The best tablets for Christmas
Surface, iPad, Nexus, Note - we were spoiled for choice in 2012
Thank God for Microsoft. Without it and its new Surface tablet this article would be nothing more than me running around having an Android versus iOS argument with myself. Thankfully, as with smartphones, the arrival of Windows 8, here in its RT incarnation, has saved mankind from a bipolar tablet OS nightmare.
More importantly, Redmond’s first tablet, the Surface, offers something genuinely different to what’s on offer from Apple and Android which, for good or ill, are both smartphone operating systems draped across a tablet landscape.
The Surface’s 1366 x 768, 10.6in IPS LCD screen may only boast a pixel density of 148dpi but its 16:9 aspect ratio is shared with most laptops and TVs so you feel right at home from the off. This is a tablet that unashamedly delivers a PC experience, which I take to be A Good Thing. With an Nvidia Tegra 3 under the bonnet, a choice of clever attachable keyboards-cum-covers, a built-in kickstand, a proper USB port and an SD slot good for cards up to 64GB, it’s a device both powerful and versatile.
And don’t forget, the Surface comes with Microsoft Office pre-loaded. That’s the sort of productivity offering you just don’t get with Android or iOS.
On the downside, at £400 it’s not cheap; the OS takes up a huge chunk of the advertised storage space; both the Touch and Type keyboards are optional extras; there’s no GPS; and the Windows RT app store is close to empty at the moment.
Even the most devout fan of Android would have to concede that it has failed to repeat its smartphone success in the tablet arena but in the second half of the year Google came out swinging to try and fix that.
Asus' Google Nexus 7
In the summer, it launched a Tegra 3-based 7in, 1280 x 800 tablet at a staggeringly low price. The Google Nexus 7  immediately won friends thanks to it’s powerful quad-core processor, excellent IPS LCD screen and Android 4.1 Jelly Bean OS, which debuted on the new tablet.
Just last month, the 16GB version dropped to £159 replacing the 8GB model yours truly bought, while a 32GB 3G device was also introduced at a very reasonable £239. The price changes have made something that was already very attractive even more so.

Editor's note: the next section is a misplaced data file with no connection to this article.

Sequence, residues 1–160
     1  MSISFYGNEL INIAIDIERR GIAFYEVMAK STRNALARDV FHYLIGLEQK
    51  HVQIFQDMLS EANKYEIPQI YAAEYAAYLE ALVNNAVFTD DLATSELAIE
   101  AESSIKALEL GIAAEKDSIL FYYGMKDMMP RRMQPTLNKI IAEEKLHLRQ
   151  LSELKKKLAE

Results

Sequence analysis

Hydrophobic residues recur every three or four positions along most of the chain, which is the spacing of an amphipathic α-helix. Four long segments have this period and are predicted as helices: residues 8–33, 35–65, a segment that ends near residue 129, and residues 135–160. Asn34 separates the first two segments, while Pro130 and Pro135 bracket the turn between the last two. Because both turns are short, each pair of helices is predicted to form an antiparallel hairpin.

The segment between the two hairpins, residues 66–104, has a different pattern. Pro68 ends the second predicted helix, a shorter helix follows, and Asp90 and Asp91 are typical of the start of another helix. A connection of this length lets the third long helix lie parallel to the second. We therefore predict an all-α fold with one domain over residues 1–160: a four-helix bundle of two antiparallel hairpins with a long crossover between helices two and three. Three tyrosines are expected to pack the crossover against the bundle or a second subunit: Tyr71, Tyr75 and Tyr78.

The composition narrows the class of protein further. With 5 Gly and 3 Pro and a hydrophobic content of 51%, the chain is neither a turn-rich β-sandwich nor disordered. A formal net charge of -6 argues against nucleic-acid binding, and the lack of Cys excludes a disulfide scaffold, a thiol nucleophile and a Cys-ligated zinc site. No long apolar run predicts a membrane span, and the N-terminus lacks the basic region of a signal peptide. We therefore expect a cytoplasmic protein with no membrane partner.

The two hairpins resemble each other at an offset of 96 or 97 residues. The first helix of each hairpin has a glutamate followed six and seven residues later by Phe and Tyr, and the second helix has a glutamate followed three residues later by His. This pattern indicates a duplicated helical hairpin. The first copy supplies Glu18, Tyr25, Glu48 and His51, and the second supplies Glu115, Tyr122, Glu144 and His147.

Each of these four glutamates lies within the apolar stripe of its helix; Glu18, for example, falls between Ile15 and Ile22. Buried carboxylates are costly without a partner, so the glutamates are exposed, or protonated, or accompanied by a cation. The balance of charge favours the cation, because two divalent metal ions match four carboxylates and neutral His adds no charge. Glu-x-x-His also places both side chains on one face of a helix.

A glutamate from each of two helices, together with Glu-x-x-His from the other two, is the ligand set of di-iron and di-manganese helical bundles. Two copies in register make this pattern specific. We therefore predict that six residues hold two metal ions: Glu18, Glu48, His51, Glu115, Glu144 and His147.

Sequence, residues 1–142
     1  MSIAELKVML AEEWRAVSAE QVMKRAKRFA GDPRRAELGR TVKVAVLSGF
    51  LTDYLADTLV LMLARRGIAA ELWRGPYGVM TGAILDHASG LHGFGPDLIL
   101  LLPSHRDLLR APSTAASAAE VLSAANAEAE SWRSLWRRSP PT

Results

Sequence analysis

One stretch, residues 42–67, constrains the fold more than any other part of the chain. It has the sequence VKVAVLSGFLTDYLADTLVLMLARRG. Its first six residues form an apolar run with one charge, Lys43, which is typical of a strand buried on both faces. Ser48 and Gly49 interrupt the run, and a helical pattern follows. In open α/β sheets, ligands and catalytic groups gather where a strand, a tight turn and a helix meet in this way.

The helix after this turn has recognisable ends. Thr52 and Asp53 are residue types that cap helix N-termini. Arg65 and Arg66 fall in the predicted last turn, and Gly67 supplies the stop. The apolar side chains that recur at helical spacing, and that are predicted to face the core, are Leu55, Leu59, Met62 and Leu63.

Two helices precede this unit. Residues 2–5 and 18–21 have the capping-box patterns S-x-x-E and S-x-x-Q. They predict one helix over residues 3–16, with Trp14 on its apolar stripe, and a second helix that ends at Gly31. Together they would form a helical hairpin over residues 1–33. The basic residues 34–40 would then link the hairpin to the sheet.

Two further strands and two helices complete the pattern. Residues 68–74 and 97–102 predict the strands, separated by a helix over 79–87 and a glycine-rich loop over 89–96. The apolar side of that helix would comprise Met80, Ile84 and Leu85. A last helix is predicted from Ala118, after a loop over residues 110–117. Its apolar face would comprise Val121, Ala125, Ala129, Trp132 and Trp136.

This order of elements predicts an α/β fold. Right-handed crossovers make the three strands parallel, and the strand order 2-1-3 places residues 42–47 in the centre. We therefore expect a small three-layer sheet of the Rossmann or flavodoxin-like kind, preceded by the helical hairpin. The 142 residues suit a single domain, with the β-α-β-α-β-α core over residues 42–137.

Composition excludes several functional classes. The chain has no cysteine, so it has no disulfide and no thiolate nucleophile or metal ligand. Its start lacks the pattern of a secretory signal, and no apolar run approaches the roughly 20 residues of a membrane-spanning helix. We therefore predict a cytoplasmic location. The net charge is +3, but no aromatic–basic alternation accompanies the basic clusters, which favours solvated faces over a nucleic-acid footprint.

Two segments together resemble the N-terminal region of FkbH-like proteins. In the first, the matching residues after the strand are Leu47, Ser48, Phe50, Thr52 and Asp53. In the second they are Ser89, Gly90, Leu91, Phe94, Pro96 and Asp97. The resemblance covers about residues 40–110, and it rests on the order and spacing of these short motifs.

Being a Nexus 7 owner I’ll admit to a bit of bias here, but for gaming, e-book reading, web browsing, watching HD video - the stuff most of us do on our tablets most of the time - the Nexus 7 is hard if not impossible to beat.
How to trump that? Easy. Launch a 10in version with a screamingly fast dual-core Cortex A15 chip, a higher than hi-def screen and charge £319 for the 16GB version. That would be the Samsung-made Google Nexus 10  then.
Samsung's Google Nexus 10
The standout feature of the Nexus 10 is the 2560 x 1600, 300dpi screen, which clobbers even the “retina” 264dpi Apple iPad 4  in the pixel density stakes. I defy anyone to gaze at the Nexus 10’s screen, or listen to the sound from its front-facing stereo speakers, and not be thoroughly impressed.
It’s lighter and thinner than the iPad 4 too and more pleasant to hold thanks to it’s rounded shape. Probably harder to sue, too, for that same reason. If you want a 10in tablet for media consumption, this is the one you should buy.
Both Nexus tablets offer one sign-in syncing for your Picasa photographs, Google-bought books and movies, Google Docs and Drive content. This is cloud integration second to none. And don’t forget that Google Music has now arrived in the UK so you can upload 20,000 songs into the cloud too. And all for free.
Apple plays catch-up
Of course, while Google was running amok Apple didn’t sit still whistling Dixie and playing won its own. In October, it met the Nexus 7 head on with a... well, with a shrunken iPad 2 called with tedious predictability the Apple iPad Mini .